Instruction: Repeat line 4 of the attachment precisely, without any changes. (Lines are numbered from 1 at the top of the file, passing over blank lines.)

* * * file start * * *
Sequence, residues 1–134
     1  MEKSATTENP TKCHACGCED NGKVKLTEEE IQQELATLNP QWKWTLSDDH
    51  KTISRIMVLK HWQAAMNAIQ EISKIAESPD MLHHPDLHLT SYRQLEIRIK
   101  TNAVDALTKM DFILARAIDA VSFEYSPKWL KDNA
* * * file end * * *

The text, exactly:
   101  TNAVDALTKM DFILARAIDA VSFEYSPKWL KDNA